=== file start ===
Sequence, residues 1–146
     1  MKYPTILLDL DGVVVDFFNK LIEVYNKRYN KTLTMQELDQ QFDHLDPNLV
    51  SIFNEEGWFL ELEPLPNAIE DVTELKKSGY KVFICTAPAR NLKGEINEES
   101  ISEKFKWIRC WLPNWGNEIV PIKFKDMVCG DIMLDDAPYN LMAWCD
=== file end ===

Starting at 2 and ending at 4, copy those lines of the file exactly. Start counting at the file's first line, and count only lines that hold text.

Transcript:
     1  MKYPTILLDL DGVVVDFFNK LIEVYNKRYN KTLTMQELDQ QFDHLDPNLV
    51  SIFNEEGWFL ELEPLPNAIE DVTELKKSGY KVFICTAPAR NLKGEINEES
   101  ISEKFKWIRC WLPNWGNEIV PIKFKDMVCG DIMLDDAPYN LMAWCD